05/06/2011 05:41 pm ET Updated Jul 06, 2011

Osama Bin Laden Does Not Get To Hijack This Sunday

Since the night of Sept. 11, 2001, when the church I then served as the director of community outreach held Portland, Oregon's largest memorial service to grieve our nation's losses, I've lost track of the number of times I've personally invoked that day in prayer or sermons. This Sunday will not be entirely different from those other occasions. During our worship time this Sunday morning the death of Osama bin Laden will be noted and a copy of the statement issued following his death by the National Council of Churches USA will be shared with parishioners. But bin Laden, his fate and his impact, will not be the topic of my sermon. I will not let him hijack this Sunday.

It is not that I feel this event isn't worthy of discussing in church. For all people of faith the death of bin Laden reminds us that we still wrestle with the reality of evil, questions about the morality of war and the legacy of that dark September day. Those are the reasons why I posted a statement concerning bin Laden's death on my personal blog the night President Obama announced the United States operation that brought an end to this war criminal's campaign of terror and why, as I often do, I spoke with the press the next morning and asked for prayers for peace and a time of reconciliation and healing.

This Sunday we will continue to celebrate Easter at Salem, Oregon's First Congregational United Church of Christ. What it means for Christians to experience the Risen Christ also deserves time and attention. Sometimes that attention is best experienced in the context of current events (which is why last week we celebrated the Second Sunday of Easter by marking Immigrant Rights Sunday. After all, Jesus came from an immigrant family that was forced to flee to into Egypt to avoid political persecution). My sermon this week, however, will focus more on the mystical aspects of the resurrection and in that same spirit the children's sermon will touch on Mother's Day and how we can see God not just in the image of our father but also of our mother.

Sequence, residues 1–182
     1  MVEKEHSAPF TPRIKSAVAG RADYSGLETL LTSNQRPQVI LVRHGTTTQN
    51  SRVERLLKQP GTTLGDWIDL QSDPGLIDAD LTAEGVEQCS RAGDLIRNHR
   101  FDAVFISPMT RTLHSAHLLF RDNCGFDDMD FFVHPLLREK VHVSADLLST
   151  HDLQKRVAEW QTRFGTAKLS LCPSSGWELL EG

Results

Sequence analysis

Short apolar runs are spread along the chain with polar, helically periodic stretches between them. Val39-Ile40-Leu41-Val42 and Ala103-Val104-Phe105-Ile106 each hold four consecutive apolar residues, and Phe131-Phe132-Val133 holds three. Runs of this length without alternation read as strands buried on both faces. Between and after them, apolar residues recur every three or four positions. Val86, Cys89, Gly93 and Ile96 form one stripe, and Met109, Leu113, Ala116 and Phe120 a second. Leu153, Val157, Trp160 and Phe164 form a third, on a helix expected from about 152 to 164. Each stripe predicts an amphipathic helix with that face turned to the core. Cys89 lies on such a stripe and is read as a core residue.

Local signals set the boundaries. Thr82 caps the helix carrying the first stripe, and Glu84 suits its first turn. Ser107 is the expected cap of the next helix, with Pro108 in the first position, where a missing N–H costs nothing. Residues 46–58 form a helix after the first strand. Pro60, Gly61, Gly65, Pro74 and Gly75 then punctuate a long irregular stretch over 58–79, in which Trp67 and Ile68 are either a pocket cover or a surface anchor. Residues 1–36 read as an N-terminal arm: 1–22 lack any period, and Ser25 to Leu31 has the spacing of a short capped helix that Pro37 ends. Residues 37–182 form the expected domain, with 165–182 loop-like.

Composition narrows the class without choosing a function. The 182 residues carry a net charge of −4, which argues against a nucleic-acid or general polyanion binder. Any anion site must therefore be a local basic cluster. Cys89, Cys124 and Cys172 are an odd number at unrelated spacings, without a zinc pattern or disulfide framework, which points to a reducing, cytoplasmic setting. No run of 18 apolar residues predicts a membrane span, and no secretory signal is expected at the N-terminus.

Osama bin Laden would have loved for the world to have revolved around his dark and twisted vision of the divine and for every Sunday -- for every day -- to be about him and his acts. Not this Sunday. He doesn't get to make decisions for us any longer. Another day we'll discuss him. We'll decide when the time is right. In the meantime, we'll continue to pray as Jesus did, for our brothers and sisters across the world -- no matter their faith, no matter their background.

Peace be with you.